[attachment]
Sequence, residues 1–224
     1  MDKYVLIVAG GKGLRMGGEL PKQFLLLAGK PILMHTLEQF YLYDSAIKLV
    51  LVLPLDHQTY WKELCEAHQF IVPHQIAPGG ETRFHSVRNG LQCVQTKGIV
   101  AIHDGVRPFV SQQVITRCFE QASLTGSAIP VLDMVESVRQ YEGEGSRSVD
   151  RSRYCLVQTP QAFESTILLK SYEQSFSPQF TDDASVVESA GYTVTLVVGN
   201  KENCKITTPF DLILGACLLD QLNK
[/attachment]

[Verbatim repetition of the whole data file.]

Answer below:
Sequence, residues 1–224
     1  MDKYVLIVAG GKGLRMGGEL PKQFLLLAGK PILMHTLEQF YLYDSAIKLV
    51  LVLPLDHQTY WKELCEAHQF IVPHQIAPGG ETRFHSVRNG LQCVQTKGIV
   101  AIHDGVRPFV SQQVITRCFE QASLTGSAIP VLDMVESVRQ YEGEGSRSVD
   151  RSRYCLVQTP QAFESTILLK SYEQSFSPQF TDDASVVESA GYTVTLVVGN
   201  KENCKITTPF DLILGACLLD QLNK